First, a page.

Anyone who has lived in Denver for more than a few years is familiar with the names “Daniels” and “Fisher.” Hailing from New York, William Fisher met his future partner, M.B. Daniels in Iowa City in 1870, enticing Daniels to come to Denver. In 1872, they entered into a lucrative partnership and founded the Daniels & Fisher Department Store, the largest in Denver at the time.
In 1896, Fisher engaged the services of renowned architect Frank Edbrooke, designer of the legendary Brown Palace, to build his personal residence. The resulting masterpiece is a three-story Neoclassical Revival style mansion that remains standing to this day on the original site at 1620 North Logan Street. Sadly, Mr. Fisher died just one year after the mansion was completed. In the ensuing years, various Fisher and Daniels family members lived in the residence, before it became (among other things) a chiropractic clinic, a tariff bureau, and a southern Baptist church, before finally falling into total disrepair,
Fast forward 100 years into the future, and the property was purchased in 1997 by prominent Denver architect David Tryba and his wife Stephanie. Together, they embarked upon an ambitious project that lasted two years, completely restoring and transforming the site into the beautiful property it is today. Last month, nineteen lucky Garden Club of Denver members enjoyed a private tour of the residence and gardens, personally led by the Trybas themselves!
After a description of the mansion’s renovations, the Trybas shared that the garden areas were specially designed to blend into the busy downtown corridor while also providing privacy and solace for the family and David’s business at the site. Like all of us, the Trybas have come to understand the nuances of weather patterns in their garden locale over the years. Their selection of plants has continued to mature, and they are now into a second generation of plant material. Just as his architectural firm’s mission is to offer sustainable timeless design that reinterprets the past to meet the demands of the present, being in the Tryba garden (amid multiple layers of trees, shrubs, and flowers, along with gentle water features) one feels tremendous calm, even amongst the adjacent skyscrapers and city bustle.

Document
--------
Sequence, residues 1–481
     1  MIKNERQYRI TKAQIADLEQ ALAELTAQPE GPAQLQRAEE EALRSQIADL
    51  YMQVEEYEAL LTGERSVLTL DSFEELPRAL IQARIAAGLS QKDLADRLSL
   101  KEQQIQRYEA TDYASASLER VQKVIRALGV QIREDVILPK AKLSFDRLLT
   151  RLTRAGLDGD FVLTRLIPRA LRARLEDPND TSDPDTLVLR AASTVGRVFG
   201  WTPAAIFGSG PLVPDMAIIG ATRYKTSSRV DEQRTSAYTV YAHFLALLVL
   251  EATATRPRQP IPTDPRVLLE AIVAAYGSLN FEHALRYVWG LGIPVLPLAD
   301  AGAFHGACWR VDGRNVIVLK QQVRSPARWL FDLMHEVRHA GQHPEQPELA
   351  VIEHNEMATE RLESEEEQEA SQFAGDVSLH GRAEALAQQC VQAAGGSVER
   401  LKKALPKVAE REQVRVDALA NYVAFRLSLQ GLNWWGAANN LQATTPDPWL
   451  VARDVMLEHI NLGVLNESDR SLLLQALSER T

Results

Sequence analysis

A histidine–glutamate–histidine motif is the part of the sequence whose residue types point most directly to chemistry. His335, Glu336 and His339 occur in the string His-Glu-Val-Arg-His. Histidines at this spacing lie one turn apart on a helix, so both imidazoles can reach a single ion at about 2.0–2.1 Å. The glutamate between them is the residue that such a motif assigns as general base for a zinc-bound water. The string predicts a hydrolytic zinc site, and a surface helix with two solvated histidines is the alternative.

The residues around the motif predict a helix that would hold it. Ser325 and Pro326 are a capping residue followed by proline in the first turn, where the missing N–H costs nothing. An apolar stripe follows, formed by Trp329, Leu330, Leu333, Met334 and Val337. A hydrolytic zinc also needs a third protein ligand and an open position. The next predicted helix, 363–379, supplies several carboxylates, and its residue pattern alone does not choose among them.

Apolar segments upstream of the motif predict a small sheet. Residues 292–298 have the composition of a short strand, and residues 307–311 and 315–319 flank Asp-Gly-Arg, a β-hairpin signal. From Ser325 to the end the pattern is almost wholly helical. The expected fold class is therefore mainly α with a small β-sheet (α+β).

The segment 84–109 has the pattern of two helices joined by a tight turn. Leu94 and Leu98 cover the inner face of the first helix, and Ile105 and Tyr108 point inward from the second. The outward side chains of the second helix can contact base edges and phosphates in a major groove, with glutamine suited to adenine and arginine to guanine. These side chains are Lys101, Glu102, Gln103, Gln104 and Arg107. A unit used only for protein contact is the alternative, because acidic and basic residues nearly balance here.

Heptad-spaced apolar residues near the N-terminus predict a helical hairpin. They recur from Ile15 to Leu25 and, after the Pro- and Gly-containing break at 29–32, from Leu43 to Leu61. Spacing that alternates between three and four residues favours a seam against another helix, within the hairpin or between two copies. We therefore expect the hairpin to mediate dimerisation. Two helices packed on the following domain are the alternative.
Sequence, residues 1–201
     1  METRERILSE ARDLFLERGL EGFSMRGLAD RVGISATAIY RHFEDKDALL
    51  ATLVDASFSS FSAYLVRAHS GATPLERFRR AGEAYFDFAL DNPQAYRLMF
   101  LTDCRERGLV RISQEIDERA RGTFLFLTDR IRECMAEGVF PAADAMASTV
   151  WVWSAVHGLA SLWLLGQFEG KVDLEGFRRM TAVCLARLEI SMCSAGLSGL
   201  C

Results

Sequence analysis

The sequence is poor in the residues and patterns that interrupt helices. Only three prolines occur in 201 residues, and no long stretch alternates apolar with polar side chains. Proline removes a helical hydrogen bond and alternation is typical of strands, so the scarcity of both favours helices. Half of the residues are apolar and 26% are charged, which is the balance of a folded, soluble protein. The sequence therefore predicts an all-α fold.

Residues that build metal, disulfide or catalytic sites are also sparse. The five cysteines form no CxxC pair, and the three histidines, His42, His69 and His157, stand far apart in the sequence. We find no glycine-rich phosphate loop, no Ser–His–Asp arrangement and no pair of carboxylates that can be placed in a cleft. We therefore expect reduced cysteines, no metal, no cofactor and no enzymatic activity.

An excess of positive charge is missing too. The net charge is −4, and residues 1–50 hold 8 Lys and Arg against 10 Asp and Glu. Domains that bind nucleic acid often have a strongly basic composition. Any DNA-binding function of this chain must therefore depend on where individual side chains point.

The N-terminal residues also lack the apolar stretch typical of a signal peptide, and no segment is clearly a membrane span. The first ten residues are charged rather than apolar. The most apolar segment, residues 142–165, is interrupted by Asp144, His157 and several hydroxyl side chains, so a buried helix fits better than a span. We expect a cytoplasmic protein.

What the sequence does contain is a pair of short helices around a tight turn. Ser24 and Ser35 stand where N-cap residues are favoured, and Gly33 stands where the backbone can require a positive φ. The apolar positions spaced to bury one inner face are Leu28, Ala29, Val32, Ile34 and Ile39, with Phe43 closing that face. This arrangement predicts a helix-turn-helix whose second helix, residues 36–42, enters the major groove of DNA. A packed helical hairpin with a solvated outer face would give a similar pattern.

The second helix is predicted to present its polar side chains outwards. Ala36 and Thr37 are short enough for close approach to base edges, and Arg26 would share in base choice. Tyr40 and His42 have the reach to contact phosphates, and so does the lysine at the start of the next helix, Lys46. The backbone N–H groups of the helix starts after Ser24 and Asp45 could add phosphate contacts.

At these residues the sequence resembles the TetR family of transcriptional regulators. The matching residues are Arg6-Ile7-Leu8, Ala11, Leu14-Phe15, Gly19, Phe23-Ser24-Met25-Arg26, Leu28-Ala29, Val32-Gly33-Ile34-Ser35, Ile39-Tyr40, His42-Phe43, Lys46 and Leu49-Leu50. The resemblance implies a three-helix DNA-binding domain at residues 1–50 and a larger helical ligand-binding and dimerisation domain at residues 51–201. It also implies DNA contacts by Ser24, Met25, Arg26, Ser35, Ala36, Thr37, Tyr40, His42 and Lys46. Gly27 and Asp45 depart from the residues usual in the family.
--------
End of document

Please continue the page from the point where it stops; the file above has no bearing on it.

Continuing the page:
We all left knowing a little more history of the area and were delighted to know that an accomplished architect faces the same challenges that we do in our own gardens. The Trybas could not have been more personable and engaging!
Please be sure to mark your calendars for a great spring garden tour next month when we will have the opportunity to visit the historical property of William Garrett Fisher, of Daniels & Fisher Department Store fame! The property, located at 16 th Avenue and Logan Street, originally included a three-story Neoclassical Revival-style mansion built in 1896 with a ballroom and art gallery annex added in 1897. The noted architect was Frank E. Edbrooke, who also famous for designing the Brown Palace, The Denver Museum of Nature & Science, the Oxford Hotel and many other Denver landmarks. Due to its size, the large stage in the annex is said to have accommodated special theatrical performances in its day and later served as Denver’s first movie theater.In 1997, the property was purchased by prominent local architect, David Tryba and his wife, Stephanie, who began a detailed renovation and restoration of the mansion and grounds. The historic mansion became the architect’s home and studio. Mr.Tryba and his family live in the residence. The ballroom has been converted into a 10,000 square foot four-story architectural studio. The project – “a juxtaposition of Beaux Arts and modern design-dramatically illustrates one of David Tryba’s core skills: the blending of old and new in successful compositions that respect and enhance the historic fabric of a site while exploring progressive, modernist strategies to promote its evolution.” Of added interest to all of us, Tryba Architects led the five year, multi-volume Master Development Plan to guide the redevelopment of Denver Botanic Garden’s York Street campus. Some of the features included in this project that were completed in 2009 are the new visitors center, the parking structure, the Mordecai Children’s Garden, and Marnie’s Pavilion. The Tryba Garden Tour date is Tuesday, May 22, and t he time will be mid-morning. Stay tuned for further details in next month’s eNews!